Family Fostering Partners, based in South Wales, commissioned the animated Welsh-language piece to explore the potential for a series of cartoons.
The cartoon’s development is the start of a much broader campaign, that will see the main characters “Bwtwns” and “Blw” feature in a suite of resources which will be made available to fostered children through an online portal, currently under development, including e-books. Family Fostering Partners commissioned two celebrated Welsh poets to write three ‘therapeutic’ stories to work from, with one intended for the cartoon pilot, while the other two will become supporting eBooks.
The project has been part-funded by the Welsh Government’s Cymraeg 2050 initiative programme.
Minister for Welsh Language and Lifelong Learning, Eluned Morgan said:
We want the use of Welsh to be a routine part of everyday life so that speakers at all levels feel confident in using it in formal and informal situations. Encouraging families to use Welsh is a vital part of this. It is especially important for foster families where children are first language Welsh speakers and will find it much easier to adjust to their new surroundings if they are able to use their Welsh
‘Bwtwns a Blw’ is one of many Cymraeg 2050 projects that will make it easier for people to use the language, whether face to face in the community and in the workplace or through digital platforms.
Curon Howells, Business Development Manager for Family Fostering Partners said:
We’re incredibly excited about seeing Bwtwm and Blw being brought to life on the small screen, not least of all because we believe that the animations are the first of their kind to offer Looked After children the opportunity and choice to access videos with a therapeutic theme in the Welsh language.
We want to normalise the concept of foster care and foster families, encouraging more people to consider becoming foster carers for vulnerable children in Wales. We’re looking at ways of opening up access to the brand, so other organisations, learning establishments and foster homes can contribute to this vital campaign.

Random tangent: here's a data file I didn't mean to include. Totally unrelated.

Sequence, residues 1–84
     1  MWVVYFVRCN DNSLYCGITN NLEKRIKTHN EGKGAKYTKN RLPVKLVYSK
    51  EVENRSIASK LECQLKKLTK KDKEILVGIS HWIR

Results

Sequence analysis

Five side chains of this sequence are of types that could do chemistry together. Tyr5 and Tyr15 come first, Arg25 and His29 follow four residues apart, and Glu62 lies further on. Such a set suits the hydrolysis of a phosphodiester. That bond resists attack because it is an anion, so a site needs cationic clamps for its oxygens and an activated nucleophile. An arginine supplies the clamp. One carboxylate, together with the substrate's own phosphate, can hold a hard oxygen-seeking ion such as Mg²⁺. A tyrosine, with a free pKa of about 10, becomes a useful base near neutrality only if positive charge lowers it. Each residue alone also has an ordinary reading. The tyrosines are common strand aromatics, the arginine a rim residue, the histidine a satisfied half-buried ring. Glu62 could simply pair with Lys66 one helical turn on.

The characters Bwtwns (a child) and Blw (an adult) are based on elephant characters that were initially created as part of the agency’s branding, even making it to toy form.
Curon explains why they chose elephants to lead the branding and the stories:
“As a relatively new but growing independent fostering agency, Bwtwns and Blw have a special place in our hearts. They have been an integral part of the agency since its inception. While creating our brand, we recognised that elephants in the wild are great parents who will take collective responsibility for the young of the herd. This fact is an excellent parallel for foster carers who share the task of caring for Looked After Children. Bwtwns and Blw’s first incarnation were actually as stuffed toys designed and created by the Managing Director, Judith Rees’ mother!”
Jammy Custard’s Creative Director and Lead Animator Matthew Creed reflected on the potential success of the project for all involved:
“To have the support and confidence of Family Fostering Partners to carry out this work is a great honour. They’ve been great to work with. The Jammy’s team, in particular, Kyle, who has been leading the creative direction for this project, are incredibly excited to be working on a commissioned cartoon which is not only great fun but holds real value for the audience. The storylines have been simple but effective, and we know what style of visual we’re trying to achieve. It’s a fascinating project, and we can’t wait to share it.”
Curon of Family Fostering Partners concluded:
“Seeing the work that Jammy Custard have done to transform Bwtwns and Blw from our original stuffed animals to animated characters has been a wonderful experience, and we can’t wait to share the final project with the world!”
The official launch of the campaign, including the cartoon pilot will be on the 11th of April.
His new live project is much more dynamic, working alongside ‘5th Spear’ a solo artist with a huge electronic sound and live drums, Matthew now stands on stage and performs the visuals live as a VJ, meaning the visuals are even more of a performance instead of a careful orchestrated event. After already playing a few gigs, including a huge turnout at Swn Festival 2015 and a headline slot at FreeForAll Festival 2016, this is an exciting new venture exploring the realms of interactive and dynamic visual performance.